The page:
My position was that some CHL holders and some officers might not be really familiar with a particular gun and how to safely handle it. The more a gun is handled, the more likely an accident is to happen.

The other part of my position was that the CHL holder is licensed by the state to carry that concealed weapon and as long as the licensee is doing what he/she is supposed to be doing, the officer has no business taking lawfully held property even temporarily. The vast, vast majority of CHL holders pose no threat whatsoever to officers....certainly much less threat than the general public.

I'd contact that agency and find out what their (or the state's) policy or law is re: the officer taking your gun. I don't see the point in it and believe it to be improper if there is no law or written policy on the matter.
 

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Keep the rubber side down
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You feel violated? How do you think the families of officers shot in the line of duty feel. Look, the officer was courteous to you and did not keep your gun from you. It's not like he treated you with any disrespect. He just wants to go home at the end of his shift. Way too many officers have been killed in the line of duty during traffic stops.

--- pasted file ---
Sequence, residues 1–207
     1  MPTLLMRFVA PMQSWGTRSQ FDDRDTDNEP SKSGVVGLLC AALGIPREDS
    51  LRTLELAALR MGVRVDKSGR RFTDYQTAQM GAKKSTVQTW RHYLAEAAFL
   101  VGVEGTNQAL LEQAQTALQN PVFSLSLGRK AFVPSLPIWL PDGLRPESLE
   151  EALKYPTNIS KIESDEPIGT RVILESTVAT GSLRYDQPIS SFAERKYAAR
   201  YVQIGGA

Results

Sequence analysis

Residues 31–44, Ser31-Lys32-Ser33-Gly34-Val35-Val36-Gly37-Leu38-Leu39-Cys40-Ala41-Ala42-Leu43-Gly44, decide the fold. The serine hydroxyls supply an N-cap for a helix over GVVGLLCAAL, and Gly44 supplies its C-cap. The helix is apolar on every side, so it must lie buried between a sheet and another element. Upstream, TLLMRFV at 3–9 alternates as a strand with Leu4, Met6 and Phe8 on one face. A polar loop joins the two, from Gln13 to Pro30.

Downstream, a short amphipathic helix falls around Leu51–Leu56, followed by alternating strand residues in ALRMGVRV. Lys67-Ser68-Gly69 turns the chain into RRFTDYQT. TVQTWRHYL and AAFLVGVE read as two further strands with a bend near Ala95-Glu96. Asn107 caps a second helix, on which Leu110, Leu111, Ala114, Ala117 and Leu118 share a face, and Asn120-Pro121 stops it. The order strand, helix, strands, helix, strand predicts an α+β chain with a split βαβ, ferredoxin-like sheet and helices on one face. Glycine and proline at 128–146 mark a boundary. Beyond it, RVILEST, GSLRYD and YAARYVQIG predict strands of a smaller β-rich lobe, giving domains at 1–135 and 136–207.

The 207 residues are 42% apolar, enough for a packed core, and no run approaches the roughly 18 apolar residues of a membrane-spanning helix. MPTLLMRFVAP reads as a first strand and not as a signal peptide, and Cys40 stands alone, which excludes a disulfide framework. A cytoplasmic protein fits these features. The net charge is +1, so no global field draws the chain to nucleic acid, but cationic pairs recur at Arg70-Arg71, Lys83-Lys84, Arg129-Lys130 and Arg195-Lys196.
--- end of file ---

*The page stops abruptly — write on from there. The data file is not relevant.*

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Finally
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I have not looked at the rules for Indiana but here in Texas If you are carrying and get pulled over you hand the officer your DL and CHL. The officer is also allowed to disarm you if he has a reason. If you are not carrying then you do not have to show your CHL
 

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I had a similar experience in Ohio. My first ticket in at least 10 years. Got stopped on I-75 North - I thought I was in a 65 mph zone, so I was running at about 74/75. Turns out it was a 55 mph limit. :yikes:

In Ohio, we are required to notify. Pulled over, window down, hands on the wheel and notified I have a license to carry and am armed. He asked where it was, I told him (at that time, Ohio had a "plain-sight' provision for vehicle carry, so it was in an open fanny pack holster - actually if he'd have looked down he couldn't miss it.)

He asked if if it were OK if he held it during the stop. I told him OK, but it's loaded and has one in the pipe.